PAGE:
[Search] [txt|html|xml|pdf|bibtex] [Tracker] [Email] [Nits]

Versions: 00                                                            
RADEXT Working Group                                            J. Henry
Internet-Draft                                             N. Cam-Winget
Intended status: Standards Track                     Cisco Systems, Inc.
Expires: 14 April 2022                                   11 October 2021


      RADIUS attributes for Randomized and Changing MAC addresses
              draft-henry-radext-stable-mac-identifier-00

Abstract

   This document describes the means by which a Stable MAC address
   identifier can be signaled to a Authentication Authorization and
   Accounting (AAA) server.

Status of This Memo

   This Internet-Draft is submitted in full conformance with the
   provisions of BCP 78 and BCP 79.

   Internet-Drafts are working documents of the Internet Engineering
   Task Force (IETF).  Note that other groups may also distribute
   working documents as Internet-Drafts.  The list of current Internet-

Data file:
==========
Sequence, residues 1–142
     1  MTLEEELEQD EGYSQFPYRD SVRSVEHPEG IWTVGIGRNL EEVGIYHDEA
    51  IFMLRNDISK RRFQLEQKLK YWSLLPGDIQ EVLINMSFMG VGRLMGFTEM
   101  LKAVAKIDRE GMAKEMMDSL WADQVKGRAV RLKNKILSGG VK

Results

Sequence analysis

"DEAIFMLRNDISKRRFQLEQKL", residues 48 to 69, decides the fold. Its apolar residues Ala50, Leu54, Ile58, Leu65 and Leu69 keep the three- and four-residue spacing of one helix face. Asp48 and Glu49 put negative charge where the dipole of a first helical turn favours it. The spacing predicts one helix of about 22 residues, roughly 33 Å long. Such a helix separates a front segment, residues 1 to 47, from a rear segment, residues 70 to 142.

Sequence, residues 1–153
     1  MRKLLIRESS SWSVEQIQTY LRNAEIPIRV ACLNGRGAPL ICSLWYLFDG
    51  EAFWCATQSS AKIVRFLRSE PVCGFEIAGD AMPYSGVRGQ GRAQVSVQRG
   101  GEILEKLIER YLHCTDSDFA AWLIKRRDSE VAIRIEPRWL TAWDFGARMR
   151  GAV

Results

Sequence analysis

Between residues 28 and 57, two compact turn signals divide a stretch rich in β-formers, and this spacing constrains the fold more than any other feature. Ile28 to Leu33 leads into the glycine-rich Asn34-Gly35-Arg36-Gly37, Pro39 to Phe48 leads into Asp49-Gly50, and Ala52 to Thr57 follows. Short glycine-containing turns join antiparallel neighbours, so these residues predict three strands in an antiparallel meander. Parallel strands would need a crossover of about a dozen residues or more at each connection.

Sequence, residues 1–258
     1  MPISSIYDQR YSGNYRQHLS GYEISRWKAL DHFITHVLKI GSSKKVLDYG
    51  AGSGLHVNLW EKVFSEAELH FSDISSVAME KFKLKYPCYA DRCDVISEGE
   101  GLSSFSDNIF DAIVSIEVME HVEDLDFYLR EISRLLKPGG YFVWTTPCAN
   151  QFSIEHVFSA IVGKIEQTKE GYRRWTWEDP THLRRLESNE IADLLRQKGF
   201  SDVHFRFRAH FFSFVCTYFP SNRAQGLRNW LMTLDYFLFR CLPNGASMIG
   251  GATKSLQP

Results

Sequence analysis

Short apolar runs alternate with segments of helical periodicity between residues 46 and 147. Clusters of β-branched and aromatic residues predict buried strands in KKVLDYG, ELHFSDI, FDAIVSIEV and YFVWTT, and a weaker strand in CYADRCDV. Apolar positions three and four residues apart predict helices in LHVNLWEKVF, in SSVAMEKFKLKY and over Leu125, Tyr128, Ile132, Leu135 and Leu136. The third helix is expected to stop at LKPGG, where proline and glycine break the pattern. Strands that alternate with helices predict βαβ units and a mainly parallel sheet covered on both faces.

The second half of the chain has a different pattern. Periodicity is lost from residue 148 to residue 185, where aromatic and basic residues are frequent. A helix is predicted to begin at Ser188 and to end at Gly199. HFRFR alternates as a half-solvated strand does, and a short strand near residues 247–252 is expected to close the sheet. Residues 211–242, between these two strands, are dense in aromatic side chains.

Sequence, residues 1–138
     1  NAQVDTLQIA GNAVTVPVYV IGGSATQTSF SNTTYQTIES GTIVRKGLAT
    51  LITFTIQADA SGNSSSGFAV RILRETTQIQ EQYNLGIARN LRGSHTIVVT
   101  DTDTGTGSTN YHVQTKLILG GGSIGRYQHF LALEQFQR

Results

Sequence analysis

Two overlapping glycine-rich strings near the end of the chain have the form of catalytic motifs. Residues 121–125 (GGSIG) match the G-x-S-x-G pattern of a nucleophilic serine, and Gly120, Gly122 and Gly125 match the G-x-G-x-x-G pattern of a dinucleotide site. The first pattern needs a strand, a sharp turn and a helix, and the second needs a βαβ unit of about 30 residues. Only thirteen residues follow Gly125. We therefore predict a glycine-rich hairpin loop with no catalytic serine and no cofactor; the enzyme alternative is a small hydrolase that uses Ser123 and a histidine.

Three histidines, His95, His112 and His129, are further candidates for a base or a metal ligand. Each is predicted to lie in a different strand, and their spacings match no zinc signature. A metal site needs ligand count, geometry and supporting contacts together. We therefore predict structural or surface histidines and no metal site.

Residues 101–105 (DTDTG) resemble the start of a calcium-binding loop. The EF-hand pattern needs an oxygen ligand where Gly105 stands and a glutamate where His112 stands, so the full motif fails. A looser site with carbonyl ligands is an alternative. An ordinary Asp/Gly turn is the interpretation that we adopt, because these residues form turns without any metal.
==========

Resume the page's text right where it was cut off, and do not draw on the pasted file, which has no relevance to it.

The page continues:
Drafts is at https://datatracker.ietf.org/drafts/current/.

   Internet-Drafts are draft documents valid for a maximum of six months
   and may be updated, replaced, or obsoleted by other documents at any
   time.  It is inappropriate to use Internet-Drafts as reference
   material or to cite them other than as "work in progress."

   This Internet-Draft will expire on 14 April 2022.

Copyright Notice

   Copyright (c) 2021 IETF Trust and the persons identified as the
   document authors.  All rights reserved.

   This document is subject to BCP 78 and the IETF Trust's Legal
   Provisions Relating to IETF Documents (https://trustee.ietf.org/
   license-info) in effect on the date of publication of this document.
   Please review these documents carefully, as they describe your rights
   and restrictions with respect to this document.  Code Components